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Album Review
Until The Quiet Comes

Until The Quiet Comes
by Flying lotus

Warp Records

Review Date
23rd October 2012
Reviewed by
Martyn Pepperell

Built from dreamy, surrealistic bell tones and keyboard melodies, shuffling insectoid drum patterns, warm understated bass, celestial vocal performances and swirling psychedelic incidental noises, Until The Quiet Comes is the forth studio album from Los Angeles laptop beat music auteur Flying Lotus. Working in diametric opposition to the sonic maximalism and intense space opera level theatrics of his third studio album and watershed work Cosmgramma, Until The Quiet Comes sees Flying Lotus turning the hourglass upside down. Resetting the scene , he restarts within an inverse location. After all, when your last record imagined a soundworld as big and detailed as an entire galaxy in nature, zoning right in, and focusing on, as he explained to me in a recent interview, "the inward journey...the intimate journey," makes a lot of sense.

Fluent in computer based production, drum machines, keyboards and synthesisers and producer style studio direction, Until The Quiet Comes sees him working alongside vocalists Laura Darlington, Erykah Badu, Niki Randa and Thom Yorke, and a cast of players and composers including, but not limited to Samiyam, Dorian Concept, Miguel Atwood Fergusson, Thundercat and Jonny Greenwood. Building post hip-hop and psychedelica rooted song structures which ebb, flow, twist and turn like the sequence of events experienced within dreams, over the albums forty six so minute running time, Flying Lotus approximates a headspace which really does feel like a trip through the subconscious inner mind beyond the waking world. However, the flipside to this is that, just like dreams themselves, details can seem vivid and hyper focused for a brief moment, only to completely slip away from the mind shortly after concluding listening to the record.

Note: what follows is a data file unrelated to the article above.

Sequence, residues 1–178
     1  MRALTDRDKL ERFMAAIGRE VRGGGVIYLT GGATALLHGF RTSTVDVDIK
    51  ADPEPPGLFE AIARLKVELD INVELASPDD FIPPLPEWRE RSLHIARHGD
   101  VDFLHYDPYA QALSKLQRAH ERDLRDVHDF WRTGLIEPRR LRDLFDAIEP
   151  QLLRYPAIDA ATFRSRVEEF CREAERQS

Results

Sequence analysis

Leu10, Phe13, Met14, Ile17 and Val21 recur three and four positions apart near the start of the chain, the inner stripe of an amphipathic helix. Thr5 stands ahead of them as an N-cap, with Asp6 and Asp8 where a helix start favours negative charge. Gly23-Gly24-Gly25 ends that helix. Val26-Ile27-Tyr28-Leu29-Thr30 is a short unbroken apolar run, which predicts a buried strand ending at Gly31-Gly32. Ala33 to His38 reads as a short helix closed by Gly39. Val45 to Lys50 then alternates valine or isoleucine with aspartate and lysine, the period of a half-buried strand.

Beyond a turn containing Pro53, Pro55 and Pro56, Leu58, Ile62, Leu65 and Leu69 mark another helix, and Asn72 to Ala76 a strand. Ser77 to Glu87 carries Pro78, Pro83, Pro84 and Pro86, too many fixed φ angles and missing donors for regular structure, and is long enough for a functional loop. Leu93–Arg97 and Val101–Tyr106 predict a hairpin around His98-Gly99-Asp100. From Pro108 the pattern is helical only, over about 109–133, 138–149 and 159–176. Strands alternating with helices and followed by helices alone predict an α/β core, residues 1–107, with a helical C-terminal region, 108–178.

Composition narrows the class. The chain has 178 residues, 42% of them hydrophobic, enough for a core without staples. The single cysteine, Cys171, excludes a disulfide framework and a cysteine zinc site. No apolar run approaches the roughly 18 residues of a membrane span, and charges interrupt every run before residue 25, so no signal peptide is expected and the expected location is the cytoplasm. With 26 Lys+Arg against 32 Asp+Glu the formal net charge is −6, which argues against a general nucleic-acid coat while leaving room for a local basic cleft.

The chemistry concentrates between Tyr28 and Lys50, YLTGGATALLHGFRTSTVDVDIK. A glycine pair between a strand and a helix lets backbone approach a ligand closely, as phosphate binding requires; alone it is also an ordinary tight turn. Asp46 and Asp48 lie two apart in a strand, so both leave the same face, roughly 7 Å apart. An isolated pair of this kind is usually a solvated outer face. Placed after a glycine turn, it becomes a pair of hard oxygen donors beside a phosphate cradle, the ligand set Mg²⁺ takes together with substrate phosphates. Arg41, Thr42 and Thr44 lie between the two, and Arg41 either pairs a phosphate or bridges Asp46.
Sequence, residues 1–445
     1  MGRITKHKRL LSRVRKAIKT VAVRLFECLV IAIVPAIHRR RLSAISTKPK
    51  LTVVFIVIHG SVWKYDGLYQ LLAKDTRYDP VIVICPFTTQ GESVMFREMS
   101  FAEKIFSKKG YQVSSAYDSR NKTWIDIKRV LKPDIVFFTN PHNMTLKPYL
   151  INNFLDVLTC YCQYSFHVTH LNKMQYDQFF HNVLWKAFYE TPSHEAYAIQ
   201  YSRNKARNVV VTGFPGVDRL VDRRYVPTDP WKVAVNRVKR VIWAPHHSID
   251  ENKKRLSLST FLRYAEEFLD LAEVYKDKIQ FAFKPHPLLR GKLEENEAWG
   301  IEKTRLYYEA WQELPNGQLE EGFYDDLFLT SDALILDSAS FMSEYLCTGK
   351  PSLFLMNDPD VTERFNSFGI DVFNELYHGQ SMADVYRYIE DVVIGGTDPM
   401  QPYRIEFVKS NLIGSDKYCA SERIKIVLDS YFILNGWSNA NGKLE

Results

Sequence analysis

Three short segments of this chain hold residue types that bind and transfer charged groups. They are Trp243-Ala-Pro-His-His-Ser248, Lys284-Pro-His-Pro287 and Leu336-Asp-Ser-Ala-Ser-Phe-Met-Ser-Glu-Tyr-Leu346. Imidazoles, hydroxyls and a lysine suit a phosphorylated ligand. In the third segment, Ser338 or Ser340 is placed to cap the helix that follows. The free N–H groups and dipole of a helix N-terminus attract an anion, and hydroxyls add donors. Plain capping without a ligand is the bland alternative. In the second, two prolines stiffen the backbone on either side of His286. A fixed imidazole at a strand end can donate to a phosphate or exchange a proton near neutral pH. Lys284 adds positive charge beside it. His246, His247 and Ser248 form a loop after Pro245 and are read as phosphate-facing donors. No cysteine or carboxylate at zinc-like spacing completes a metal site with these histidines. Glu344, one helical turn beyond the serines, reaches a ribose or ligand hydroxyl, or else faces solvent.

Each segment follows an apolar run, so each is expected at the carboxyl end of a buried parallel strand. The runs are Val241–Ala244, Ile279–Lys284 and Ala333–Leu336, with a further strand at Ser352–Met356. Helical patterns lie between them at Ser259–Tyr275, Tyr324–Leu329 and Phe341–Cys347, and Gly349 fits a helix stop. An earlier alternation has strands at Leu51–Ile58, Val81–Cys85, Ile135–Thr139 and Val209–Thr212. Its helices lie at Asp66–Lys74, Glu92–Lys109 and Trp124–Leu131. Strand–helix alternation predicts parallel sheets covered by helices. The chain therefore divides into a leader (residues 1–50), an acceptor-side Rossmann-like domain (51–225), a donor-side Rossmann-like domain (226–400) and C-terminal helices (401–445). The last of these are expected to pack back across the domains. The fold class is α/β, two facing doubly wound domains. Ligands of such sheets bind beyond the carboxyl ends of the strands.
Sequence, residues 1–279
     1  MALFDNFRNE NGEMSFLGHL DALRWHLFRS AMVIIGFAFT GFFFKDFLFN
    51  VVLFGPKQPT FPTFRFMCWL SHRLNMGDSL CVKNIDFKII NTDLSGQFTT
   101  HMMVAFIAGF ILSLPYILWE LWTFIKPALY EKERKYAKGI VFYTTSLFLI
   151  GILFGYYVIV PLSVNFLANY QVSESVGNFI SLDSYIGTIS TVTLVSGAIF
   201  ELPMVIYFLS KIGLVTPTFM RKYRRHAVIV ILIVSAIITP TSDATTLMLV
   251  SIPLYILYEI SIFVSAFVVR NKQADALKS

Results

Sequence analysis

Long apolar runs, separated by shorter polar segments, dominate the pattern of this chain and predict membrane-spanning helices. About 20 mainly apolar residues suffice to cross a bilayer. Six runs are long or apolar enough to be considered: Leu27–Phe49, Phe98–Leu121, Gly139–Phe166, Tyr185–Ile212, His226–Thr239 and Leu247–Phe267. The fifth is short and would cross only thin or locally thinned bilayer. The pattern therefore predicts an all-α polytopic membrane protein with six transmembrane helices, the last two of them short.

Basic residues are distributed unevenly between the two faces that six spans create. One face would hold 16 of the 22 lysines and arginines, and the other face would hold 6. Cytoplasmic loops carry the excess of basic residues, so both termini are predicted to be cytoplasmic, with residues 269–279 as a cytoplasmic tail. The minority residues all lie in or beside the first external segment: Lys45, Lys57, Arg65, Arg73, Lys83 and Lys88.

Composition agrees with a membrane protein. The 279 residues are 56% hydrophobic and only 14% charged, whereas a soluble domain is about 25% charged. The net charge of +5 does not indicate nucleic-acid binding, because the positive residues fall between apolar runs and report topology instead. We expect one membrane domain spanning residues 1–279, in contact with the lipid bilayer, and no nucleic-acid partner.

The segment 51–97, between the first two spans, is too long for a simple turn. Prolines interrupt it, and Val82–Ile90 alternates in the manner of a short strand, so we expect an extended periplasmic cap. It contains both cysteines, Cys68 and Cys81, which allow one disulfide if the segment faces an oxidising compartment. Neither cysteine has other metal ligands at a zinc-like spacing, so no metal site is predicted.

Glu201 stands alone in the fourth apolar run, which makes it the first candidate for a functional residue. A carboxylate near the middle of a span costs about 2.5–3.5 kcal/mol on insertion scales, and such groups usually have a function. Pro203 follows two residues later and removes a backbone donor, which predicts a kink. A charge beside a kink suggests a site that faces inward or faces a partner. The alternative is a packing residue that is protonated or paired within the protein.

While certain moments such as the pitch shifting chirp driven head nod jam 'Putty Boy Strut', the rhythmically scattered, yet melodically worming song spiral of 'Until The Quiet Comes', the sinuous bounce of 'The Nightcrawler' and the Lapaluxesque tendencies of 'Me Yesterday//Corded' jump out and lodge themselves firmly in the minds ear, there is a lot that, as suggested before, slips away all too quickly. Surprisingly, some of the weaker tracks on the record are actually the ghostly vocal collaborations with the aforementioned roster of singers. Tangential to this, on 'Electric Candyman', Flying Lotus sets up a situation in which to the untrained ear, Thom Yorke's cloudy musings could be mistaken for Californian singing desert mystic Gonjasufi.

At the same time though, this toning down and increased haziness isn't necessarily a bad thing. For those overwhelmed by the scope, detail and size of Cosmgramma, Until The Quiet Comes has been a, no pun intended, quiet antidote to the hyperactive maximalism of that keynote work. While not perfect, and not that huge a progression from Cosmgramma, Until The Quiet Comes looks set to carry things forward beyond that acclaimed work. In the process, that which could have been the headstone becomes a landmark and the Flying Lotus story continues. Decidedly opposed to the busyness of now, Until The Quiet Comes could be the refugee you seek.


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